try {
      // 0. Repository logic
      RepositoryItemRecorder repoItem = null;
      if (repositoryClient != null) {
        try {
          Map<String, String> metadata = Collections.emptyMap();
          repoItem = repositoryClient.createRepositoryItem(metadata);
        } catch (Exception e) {
          log.warn("Unable to create kurento repository items", e);
        }
      } else {
        String now = df.format(new Date());
        String filePath = HelloWorldRecApp.REPOSITORY_SERVER_URI + now + RECORDING_EXT;
        repoItem = new RepositoryItemRecorder();
        repoItem.setId(now);
        repoItem.setUrl(filePath);
      }
      log.info("Media will be recorded {}by KMS: id={} , url={}",
          (repositoryClient == null ? "locally" : ""), repoItem.getId(), repoItem.getUrl());

      // 1. Media logic (webRtcEndpoint in loopback)
      MediaPipeline pipeline = kurento.createMediaPipeline();
      WebRtcEndpoint webRtcEndpoint = new WebRtcEndpoint.Builder(pipeline).build();
      webRtcEndpoint.connect(webRtcEndpoint);
      RecorderEndpoint recorder = new RecorderEndpoint.Builder(pipeline, repoItem.getUrl())
          .withMediaProfile(MediaProfileSpecType.WEBM).build();
      webRtcEndpoint.connect(recorder);

      // 2. Store user session
      UserSession user = new UserSession(session);
      user.setMediaPipeline(pipeline);
      user.setWebRtcEndpoint(webRtcEndpoint);
      user.setRepoItem(repoItem);
      registry.register(user);

      // 3. SDP negotiation
      String sdpOffer = jsonMessage.get("sdpOffer").getAsString();
      String sdpAnswer = webRtcEndpoint.processOffer(sdpOffer);

      // 4. Gather ICE candidates
      webRtcEndpoint.addIceCandidateFoundListener(new EventListener<IceCandidateFoundEvent>() {
        @Override
        public void onEvent(IceCandidateFoundEvent event) {
          JsonObject response = new JsonObject();
          response.addProperty("id", "iceCandidate");
          response.add("candidate", JsonUtils.toJsonObject(event.getCandidate()));
          try {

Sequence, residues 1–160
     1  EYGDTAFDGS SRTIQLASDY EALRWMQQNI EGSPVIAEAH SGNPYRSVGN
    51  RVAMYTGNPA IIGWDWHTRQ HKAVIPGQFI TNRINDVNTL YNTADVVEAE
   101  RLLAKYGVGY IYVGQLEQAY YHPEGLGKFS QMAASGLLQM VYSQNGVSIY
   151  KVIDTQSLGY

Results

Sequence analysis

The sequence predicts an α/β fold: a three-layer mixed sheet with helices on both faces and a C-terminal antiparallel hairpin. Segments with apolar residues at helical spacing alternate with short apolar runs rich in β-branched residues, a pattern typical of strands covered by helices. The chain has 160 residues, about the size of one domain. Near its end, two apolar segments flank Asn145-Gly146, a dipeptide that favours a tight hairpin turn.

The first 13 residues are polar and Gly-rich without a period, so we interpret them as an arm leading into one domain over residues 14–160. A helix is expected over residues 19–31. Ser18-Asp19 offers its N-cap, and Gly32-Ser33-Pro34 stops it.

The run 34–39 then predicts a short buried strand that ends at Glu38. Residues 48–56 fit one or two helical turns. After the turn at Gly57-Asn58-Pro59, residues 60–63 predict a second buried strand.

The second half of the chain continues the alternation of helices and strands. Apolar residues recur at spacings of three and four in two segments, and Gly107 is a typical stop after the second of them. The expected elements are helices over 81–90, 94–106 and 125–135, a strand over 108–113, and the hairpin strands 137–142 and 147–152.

synchronized (session) {
              session.sendMessage(new TextMessage(response.toString()));
            }
          } catch (IOException e) {
            log.error(e.getMessage());
          }
        }
  }

The play method, creates a Media Pipeline with the Media Elements (WebRtcEndpoint and PlayerEndpoint) and make the connections between them. It will then send the recorded media to the client. The media can be served from the repository or directly from the disk. If the repository interface exists, it will try to connect to the remote service in order to obtain an URI from which the KMS will read the media streams. The inner workings of the repository restrict reading an item before it has been closed (after the upload finished). This will happen only when a certain number of seconds elapse after the last byte of media is uploaded by the KMS (safe-guard for gaps in the network communications).

private void play(UserSession user, final WebSocketSession session, JsonObject jsonMessage) {
   try {
      // 0. Repository logic
      RepositoryItemPlayer itemPlayer = null;
      if (repositoryClient != null) {
        try {
          Date stopTimestamp = user.getStopTimestamp();
          if (stopTimestamp != null) {
            Date now = new Date();
            long diff = now.getTime() - stopTimestamp.getTime();
            if (diff >= 0 && diff < REPOSITORY_DISCONNECT_TIMEOUT) {
              log.info(
                  "Waiting for {}ms before requesting the repository read endpoint "
                      + "(requires {}ms before upload is considered terminated "
                      + "and only {}ms have passed)",
                  REPOSITORY_DISCONNECT_TIMEOUT - diff, REPOSITORY_DISCONNECT_TIMEOUT, diff);
              Thread.sleep(REPOSITORY_DISCONNECT_TIMEOUT - diff);
            }
          } else {
            log.warn("No stop timeout was found, repository endpoint might not be ready");
          }
          itemPlayer = repositoryClient.getReadEndpoint(user.getRepoItem().getId());
        } catch (Exception e) {
          log.warn("Unable to obtain kurento repository endpoint", e);
        }
      } else {
        itemPlayer = new RepositoryItemPlayer();
        itemPlayer.setId(user.getRepoItem().getId());
        itemPlayer.setUrl(user.getRepoItem().getUrl());
      }
      log.debug("Playing from {}: id={}, url={}",
          (repositoryClient == null ? "disk" : "repository"), itemPlayer.getId(),
          itemPlayer.getUrl());

      // 1. Media logic